Monday, September 14, 2009

The Birthday of the World

According to Jewish tradition, this Saturday, Rosh Hashana, the world will be 5770 years old. This claim easily stirs up sharp debate. How, it is often asked, can one say that the world is only 5770 years old when carbon dating “proves” that certain fossils are millions of years old? Science and religion often seem in conflict with one another, but only at first glance.

While Rosh Hashana is considered the first day of the year, it is actually only the beginning of the counting of the years of the world. The Bible recounts that it took “six days” to create the world, and on the sixth day God created Adam. According to the midrash, until Adam was formed, the world was static. Only after Adam was created and prayed for rain, did the world come to life.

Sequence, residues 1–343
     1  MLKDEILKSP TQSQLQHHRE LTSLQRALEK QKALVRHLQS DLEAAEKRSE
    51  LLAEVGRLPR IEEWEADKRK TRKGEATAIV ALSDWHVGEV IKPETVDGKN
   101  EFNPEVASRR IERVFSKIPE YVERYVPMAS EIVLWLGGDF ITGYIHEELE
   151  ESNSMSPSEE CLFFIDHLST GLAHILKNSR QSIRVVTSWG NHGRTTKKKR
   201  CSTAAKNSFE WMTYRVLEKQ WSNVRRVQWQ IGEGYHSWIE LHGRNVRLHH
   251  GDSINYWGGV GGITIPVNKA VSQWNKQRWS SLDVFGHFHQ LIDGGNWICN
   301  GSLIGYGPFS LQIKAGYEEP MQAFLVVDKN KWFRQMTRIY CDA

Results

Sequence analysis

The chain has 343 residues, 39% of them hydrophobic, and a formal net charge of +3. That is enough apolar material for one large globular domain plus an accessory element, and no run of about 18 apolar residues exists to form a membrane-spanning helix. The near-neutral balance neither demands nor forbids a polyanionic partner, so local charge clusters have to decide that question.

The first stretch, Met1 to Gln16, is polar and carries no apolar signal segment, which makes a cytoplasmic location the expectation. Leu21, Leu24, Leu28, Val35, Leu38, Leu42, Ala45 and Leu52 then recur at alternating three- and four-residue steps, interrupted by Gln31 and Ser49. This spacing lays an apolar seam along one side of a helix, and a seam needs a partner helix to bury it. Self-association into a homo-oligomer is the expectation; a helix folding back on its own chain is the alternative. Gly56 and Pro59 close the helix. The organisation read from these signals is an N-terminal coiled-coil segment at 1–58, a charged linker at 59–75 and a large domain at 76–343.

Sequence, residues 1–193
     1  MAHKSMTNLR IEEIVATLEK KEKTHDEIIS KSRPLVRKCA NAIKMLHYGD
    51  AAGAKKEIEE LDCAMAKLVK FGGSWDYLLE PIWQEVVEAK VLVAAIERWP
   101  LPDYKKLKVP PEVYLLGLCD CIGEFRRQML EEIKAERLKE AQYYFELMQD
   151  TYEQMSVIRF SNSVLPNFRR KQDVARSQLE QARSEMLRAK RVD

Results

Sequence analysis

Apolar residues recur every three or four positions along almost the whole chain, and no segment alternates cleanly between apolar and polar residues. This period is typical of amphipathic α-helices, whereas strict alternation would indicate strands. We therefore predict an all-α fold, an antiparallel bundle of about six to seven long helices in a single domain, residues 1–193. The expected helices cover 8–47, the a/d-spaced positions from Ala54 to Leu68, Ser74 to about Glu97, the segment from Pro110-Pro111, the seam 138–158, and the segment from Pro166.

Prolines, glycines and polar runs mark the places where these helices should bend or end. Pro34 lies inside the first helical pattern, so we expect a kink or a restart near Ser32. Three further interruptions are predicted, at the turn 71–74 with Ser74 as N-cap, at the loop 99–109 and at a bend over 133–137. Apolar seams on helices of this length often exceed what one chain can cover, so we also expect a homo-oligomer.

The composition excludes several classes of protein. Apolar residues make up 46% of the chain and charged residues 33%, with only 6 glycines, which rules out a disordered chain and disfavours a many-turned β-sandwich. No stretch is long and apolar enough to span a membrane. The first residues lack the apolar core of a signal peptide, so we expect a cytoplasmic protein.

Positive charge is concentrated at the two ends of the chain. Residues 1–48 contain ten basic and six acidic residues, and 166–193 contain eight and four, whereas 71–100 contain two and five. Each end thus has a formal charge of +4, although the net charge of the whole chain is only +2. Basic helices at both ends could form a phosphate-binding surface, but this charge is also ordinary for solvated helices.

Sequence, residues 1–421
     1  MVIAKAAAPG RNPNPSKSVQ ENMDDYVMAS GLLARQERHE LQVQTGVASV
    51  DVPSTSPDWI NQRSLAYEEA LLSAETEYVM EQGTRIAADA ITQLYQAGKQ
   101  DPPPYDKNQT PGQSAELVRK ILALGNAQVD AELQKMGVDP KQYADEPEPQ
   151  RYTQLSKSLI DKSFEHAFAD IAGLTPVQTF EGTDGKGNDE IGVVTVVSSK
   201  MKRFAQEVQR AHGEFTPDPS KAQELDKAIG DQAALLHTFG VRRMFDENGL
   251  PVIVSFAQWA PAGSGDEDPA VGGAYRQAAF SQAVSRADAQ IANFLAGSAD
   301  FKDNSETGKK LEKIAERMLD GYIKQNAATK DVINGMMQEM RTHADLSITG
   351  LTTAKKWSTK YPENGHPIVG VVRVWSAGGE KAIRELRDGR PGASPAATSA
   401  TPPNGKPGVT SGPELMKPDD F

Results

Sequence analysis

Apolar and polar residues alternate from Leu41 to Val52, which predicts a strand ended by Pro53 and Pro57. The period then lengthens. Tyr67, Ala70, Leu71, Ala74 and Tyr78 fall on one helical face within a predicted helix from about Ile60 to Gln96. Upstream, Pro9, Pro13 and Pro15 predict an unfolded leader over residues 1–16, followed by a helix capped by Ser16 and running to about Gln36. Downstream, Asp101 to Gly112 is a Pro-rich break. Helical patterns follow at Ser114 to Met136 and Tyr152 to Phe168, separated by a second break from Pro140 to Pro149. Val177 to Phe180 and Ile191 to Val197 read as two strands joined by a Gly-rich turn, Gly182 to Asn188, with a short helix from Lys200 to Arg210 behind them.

Think of it like conception and birth. The world was conceived six days before Rosh Hashana, which was “Day One” of Creation. The next five days were a gestational period, when the world was formed and developed. Birth, the completion of the world, only occurred on the sixth day with the introduction of Adam.

More that just the world "came to life" with the creation of Adam, the world acquired time then as well. Prior to Adam, no one noted when the sun rose or set, or the moon waxed and waned or whether there were seasons. No one can say with certainty how long the days of creation were because there were no human beings to mark the beginning and end of a day.

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